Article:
It would seem that many parents want their child to learn how to read as soon as possible.  While I understand that most parents want to give their child a head-start in their education, sometimes a child simply isn’t ready (or interested) in this particular subject.

Teaching is simple enough – learning to read, can be done by breaking down the end goal into segments and stages.  This is why many children learn the ABC song first, then they learn to recognise the letters, then learn the sounds and so on.  However, many parents are met with challenges when their child or children are not interested in the lessons being taught.  Luckily, the folks at Little Human Scholars playschool and preschool in PJ have a few tricks up their sleeves to get children interested in reading.

A Personal Story of How My Child Didn’t Want to Read

I remember sending my daughter to a playschool in Taman Desa when she was two, and upon entering the class they were already having the children read simple sentences from books (albeit they were doing so through memorisation instead of phonetics).  I was actually quite intrigued!  In the U.S. where I come from, we usually don’t start teaching children to read until later on in their development.  As time went on, I began to realise that the method they were using to teach for her wasn’t working for her.  In fact, it was boring her and while she was memorising the words, she didn’t understand WHY they sounded that way.  Sure, other children seemed to do well but my daughter struggled a bit…not because she wasn’t smart, but because she wasn’t interested.

First things first, there is nothing wrong with teaching children memorisation.  In fact, many children do very well with it.  But for my daughter, this approach didn’t work and the teachers often told me that she was behind in her reading lessons.  Lucky for me, I learned that all children learn differently, and I went to work figuring out my daughter’s learning style.

Finding Your Child’s Learning Style

The three main styles Little Human Scholars uses in their daycare, playschool, preschool and kindergarten are:

  1. auditory,
  2. kinesthetic or
  3. visual

Naturally most children are not 100% one style and there can be overlapping behaviours, but you can find out which style is more dominant in them by taking this simple test here.  Are they more inclined towards auditory, kinesthetic or visual learning?  Knowing which one your child is and what methods works best for each style can support you and your child in making education fun all while expanding the child’s ability to learn and retain information.  This is how I got my child interested in reading.


Children whose learning style is more auditory tend to listen more, talk more and even sing.  They excel best when listening to instructions and do well with stories (especially when they are the ones telling the story).  Sometimes they won’t make eye contact with you but that doesn’t mean they aren’t listening.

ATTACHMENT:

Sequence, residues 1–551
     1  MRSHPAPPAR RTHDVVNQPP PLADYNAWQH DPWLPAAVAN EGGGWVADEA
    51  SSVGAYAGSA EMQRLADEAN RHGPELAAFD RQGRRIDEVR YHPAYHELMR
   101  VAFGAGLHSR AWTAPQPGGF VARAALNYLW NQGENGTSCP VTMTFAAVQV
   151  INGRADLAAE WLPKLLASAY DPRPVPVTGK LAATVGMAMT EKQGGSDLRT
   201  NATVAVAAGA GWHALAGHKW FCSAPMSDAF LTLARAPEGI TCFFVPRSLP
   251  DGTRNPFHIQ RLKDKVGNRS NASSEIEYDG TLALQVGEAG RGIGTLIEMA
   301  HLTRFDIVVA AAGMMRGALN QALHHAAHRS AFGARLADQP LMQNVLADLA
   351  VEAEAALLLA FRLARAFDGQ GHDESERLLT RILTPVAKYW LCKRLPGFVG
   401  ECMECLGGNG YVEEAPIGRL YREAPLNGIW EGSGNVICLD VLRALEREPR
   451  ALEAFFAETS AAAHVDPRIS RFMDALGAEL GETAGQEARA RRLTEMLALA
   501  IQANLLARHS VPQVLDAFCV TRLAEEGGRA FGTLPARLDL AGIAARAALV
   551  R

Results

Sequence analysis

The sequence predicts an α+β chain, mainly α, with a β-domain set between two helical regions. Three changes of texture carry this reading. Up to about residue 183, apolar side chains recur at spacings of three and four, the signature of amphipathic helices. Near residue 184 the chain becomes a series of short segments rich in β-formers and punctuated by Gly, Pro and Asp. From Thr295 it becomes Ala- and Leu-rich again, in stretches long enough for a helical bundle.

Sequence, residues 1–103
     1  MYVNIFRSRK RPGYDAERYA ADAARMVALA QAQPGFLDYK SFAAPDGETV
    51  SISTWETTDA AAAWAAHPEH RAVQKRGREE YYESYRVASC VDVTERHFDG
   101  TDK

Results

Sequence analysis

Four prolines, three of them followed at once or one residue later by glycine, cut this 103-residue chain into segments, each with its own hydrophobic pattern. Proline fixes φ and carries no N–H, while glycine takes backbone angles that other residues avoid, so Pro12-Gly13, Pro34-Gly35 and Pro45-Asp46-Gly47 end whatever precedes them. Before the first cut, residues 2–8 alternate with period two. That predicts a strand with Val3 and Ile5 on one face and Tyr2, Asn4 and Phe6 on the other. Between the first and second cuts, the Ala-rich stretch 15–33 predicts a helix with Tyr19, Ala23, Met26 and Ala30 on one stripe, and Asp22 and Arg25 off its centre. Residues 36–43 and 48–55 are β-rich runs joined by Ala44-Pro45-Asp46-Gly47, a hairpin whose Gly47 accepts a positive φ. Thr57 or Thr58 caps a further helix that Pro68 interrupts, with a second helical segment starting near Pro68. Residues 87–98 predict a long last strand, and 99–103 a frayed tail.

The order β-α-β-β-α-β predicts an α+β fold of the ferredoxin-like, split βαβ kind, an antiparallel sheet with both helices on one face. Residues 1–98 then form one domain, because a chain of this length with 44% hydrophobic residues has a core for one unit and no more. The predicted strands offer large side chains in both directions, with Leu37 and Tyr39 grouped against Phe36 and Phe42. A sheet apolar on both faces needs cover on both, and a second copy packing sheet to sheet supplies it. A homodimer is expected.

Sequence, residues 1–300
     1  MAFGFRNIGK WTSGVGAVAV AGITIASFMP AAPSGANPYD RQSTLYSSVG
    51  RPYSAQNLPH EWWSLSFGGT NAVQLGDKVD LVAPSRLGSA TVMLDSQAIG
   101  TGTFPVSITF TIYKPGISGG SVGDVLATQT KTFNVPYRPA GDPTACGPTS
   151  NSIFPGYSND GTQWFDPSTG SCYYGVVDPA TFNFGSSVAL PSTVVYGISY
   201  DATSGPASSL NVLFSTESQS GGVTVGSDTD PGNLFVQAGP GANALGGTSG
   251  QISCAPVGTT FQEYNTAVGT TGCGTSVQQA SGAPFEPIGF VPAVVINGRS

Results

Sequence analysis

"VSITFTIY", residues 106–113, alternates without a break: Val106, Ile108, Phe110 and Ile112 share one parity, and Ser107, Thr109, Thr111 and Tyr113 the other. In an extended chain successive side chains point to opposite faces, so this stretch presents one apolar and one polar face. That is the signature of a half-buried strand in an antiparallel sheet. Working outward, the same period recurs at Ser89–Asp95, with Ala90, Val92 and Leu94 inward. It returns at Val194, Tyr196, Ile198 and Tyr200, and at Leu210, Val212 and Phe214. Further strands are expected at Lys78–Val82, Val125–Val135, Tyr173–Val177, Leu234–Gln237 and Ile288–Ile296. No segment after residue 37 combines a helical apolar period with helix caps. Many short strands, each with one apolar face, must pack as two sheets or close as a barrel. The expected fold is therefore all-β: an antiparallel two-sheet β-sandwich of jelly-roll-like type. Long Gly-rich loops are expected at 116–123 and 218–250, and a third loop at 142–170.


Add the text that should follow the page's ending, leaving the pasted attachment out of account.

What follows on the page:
Tips for teaching auditory children:

  • Phonetics: focus on the sounds of the words.
  • Speak out loud: teaching through singing or intonation works well with auditory learners.
  • Read aloud: have your child read out loud as this may help them retain more information.
  • Quiet environment: Work with them in a quiet place so they aren’t distracted.


A kinesthetic learner is someone who must touch, hold, feel and grasp what is being taught.  They tend to want to figure things out by taking things apart.  Beware taking them into a store with things can be broken!  They tend to be extremely active!

Tips for teaching kinesthetic children:

  • Move: incorporate hand and body movements into what is taught.
  • Mould: often kinesthetic children learn best with 3D and hands-on activities.
  • Do: don’t ask them to sit still and pay attention, involve them somehow!


A visual learner tends to be quiet (though this isn’t the case for all visual learners) and is always watching others.  Anything that is visually stimulating gets their attention.  They learn most through graphics, videos, flash cards and pictures.

Tips for teaching visual children:

  • Flashcards: use flashcards with decent graphics in order to hold their attention.
  • Educational movies: again, movies these days are more visually stunning than ever.  Instead of watching their favorite cartoon, opt for something more educational.
  • Visualisation: try getting them to close their eyes and make pictures in their minds.  This will also support them in retaining more information.
  • Environment: Use the same environment every day so there is nothing new to look at and they can more easily focus on what is in front of them.

Once I realized my daughter had an auditory learning style, I applied it to every area of her education.  Sitting down and writing the same sentence over and over is something she dreads and strongly dislikes.  But, if you sit down and talk with her, and have her repeat words and sentences back to you (or do so in a sing-song way), NOW she is interested in reading.

Every night we sit down for about 20 minutes or so and she reads to me.  Every now and then I will stop her and we discuss the previous paragraph or what happened in the story so she can work on her comprehension.  Now she has skipped a grade and is number one in math, English, science and morals!  It all boiled down to me teaching her in a way she understood.

While your child may lean towards one learning style more than another, this does not mean that everything written above will work for them.  In the end, you have to be willing to, through trial and error, discover what works best for your child.  Taking the quiz here will support you in getting a better feel for how your child learns.  Additionally, simply observing them will also support you in identifying what may be their learning style!

Wishing you success in teaching your child or children most effectively!


Jana Moreno